Kazangula is a small town (if it can be called that) on the watery border of Zambia and Botswana. A group of us had taken the long, hot journey for a 3 day mission trip. Within a few minutes, our group of four came across two women building a mud house. We were greeted with kind but slightly skeptical smiles and mud-caked hands.
My friend Emmanuel moved towards their house. He looked at the pile of mud they were mixing for the wall, saw that their two yellow water containers were empty, and with less than a word he picked them up and walked away. As I watched him walk into the distance, the yellow containers [were] getting smaller and smaller. After about 10 minutes he was coming back down to us, sweat beading on his forehead in the midday sun, water sloshing on his jeans from the containers.
In that moment, I realized that THAT is the kind of missionary I want to be. I want to be a sweating missionary. How many times do we come across someone who is not concerned with words but is willing to get down into the mud of life with us? It means being able to really see people and their needs, which, yes, does take a certain level of cultural competency that I am still working on. But maybe I can bumble, sweat, learn and love my way towards that goal.
April is involved in an outreach ministry to Zambian youth that involves discipleship and mission training. Her home church is Church of the Resurrection in Wheaton, Illinois.
In that moment, I realized that THAT is the kind of missionary I want to be. I want to be a sweating missionary
Hot and cramped. That is what public transportation is here in Zambia. And the bus from town to where I live is even more hot and even more cramped than normal. So today I plopped into the bus next to a girl about the age of 20. Because of the whole hot and cramped thing, I don’t usually strike up conversations with the people I am sweating beside but today I did. Her name was Naminga and she had the sweetest Bemba accent that accentuated her darling smile. We got to asking the normal get-to-know-you questions. Where abouts do you stay? Do you have any brothers or sisters? And particularly for me, What are you doing here? And yes, how long are you here for. I always get this one and I am not a fan because I justdon’tknowandmaybeitisokaythatIdon’tknowalrightugh. This time I shrugged and responded with my familiar joke “Find me a husband and I will stay here a long time!” Even though I am in no way on the market for a hubby, I have gotten some laughs out of it in the past. She did smile but then she looked at me more seriously. “A man here might marry you because he thinks you are kind, because he thinks you are rich, or because you are white.” She ticked off the points on her fingers as she spoke. “And what happens then? What happens when you aren’t kind or when there is no money or when…” she paused “you are in the sun too much and get a really deep tan.” We both laughed. “That is why we have to wait for God to send us the right one. If not, both people will be disappointed. God will give us the desires of our hearts and that includes the right man to marry.” As the rickety bus josteled us, I was struck by the deep counter cultural wisdom this young woman had. Especially here in Zambia, women are overly pressured to find a husband, get married and have kids. You are not considered an adult until you are married. (Even if you have a job, live on your own, and provide for yourself!) But Naminga’s deep self-awareness and faith in God’s provision eschewed the desperation that this culture implants in single women and replaced it with contentment. Something all of us could use a bit more of. A little nugget for the journey.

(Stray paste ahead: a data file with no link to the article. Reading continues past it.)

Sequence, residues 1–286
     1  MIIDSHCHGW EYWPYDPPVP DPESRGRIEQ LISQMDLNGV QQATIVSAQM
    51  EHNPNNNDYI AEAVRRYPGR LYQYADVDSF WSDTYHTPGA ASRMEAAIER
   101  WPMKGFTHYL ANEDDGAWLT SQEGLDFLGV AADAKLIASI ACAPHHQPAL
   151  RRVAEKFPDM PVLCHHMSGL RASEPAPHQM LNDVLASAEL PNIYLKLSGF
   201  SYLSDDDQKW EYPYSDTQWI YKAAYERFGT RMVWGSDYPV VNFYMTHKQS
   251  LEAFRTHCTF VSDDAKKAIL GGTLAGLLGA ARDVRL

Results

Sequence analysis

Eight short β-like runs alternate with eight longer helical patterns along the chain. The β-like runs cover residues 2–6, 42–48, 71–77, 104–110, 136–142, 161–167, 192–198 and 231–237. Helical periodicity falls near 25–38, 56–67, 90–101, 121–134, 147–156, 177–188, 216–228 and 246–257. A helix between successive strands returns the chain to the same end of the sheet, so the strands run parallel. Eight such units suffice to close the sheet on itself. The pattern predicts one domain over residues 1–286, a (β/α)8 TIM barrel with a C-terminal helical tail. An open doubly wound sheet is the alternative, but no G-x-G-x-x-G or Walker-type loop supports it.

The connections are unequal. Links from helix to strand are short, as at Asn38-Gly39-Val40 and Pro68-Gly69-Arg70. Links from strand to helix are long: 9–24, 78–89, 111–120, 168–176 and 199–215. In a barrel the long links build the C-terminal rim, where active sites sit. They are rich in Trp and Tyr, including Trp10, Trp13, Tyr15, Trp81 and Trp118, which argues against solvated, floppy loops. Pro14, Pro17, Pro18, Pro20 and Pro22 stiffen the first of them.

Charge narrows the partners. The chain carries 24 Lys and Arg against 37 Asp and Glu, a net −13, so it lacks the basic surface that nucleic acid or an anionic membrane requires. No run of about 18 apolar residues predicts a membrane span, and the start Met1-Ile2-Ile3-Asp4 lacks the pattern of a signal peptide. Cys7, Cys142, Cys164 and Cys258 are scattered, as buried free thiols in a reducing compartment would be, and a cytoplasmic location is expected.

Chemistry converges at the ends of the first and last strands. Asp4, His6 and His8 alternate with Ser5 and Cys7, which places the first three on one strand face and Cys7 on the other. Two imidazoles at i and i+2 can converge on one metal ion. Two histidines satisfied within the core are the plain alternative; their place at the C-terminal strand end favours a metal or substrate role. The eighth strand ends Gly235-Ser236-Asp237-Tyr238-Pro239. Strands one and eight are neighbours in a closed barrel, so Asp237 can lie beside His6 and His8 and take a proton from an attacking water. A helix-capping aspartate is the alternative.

Kazangula is a small town (if it
can be called that) on the watery border of Zambia and Botswana. A group of 12
of us from GLO had taken the long, hot journey to Southern Province for a 3 day
mission trip. And this was our first day of evangelism.
Within a few minutes, our group
of four came across two women building a mud house. We were greeted with kind
but slightly skeptical smiles and mud-caked hands. Immediately the two older
preachers we were with began to ask these ladies bombarding questions like “Do
you know God?” “What do you think about church?” And I sat there a bit lost and
helpless because I did not speak any of the 5 languages floating around the
As they continued the
conversation impregnated with long pauses and open Bibles, I saw my friend Emmanuel
move towards their house. He looked at the pile of mud they were mixing for the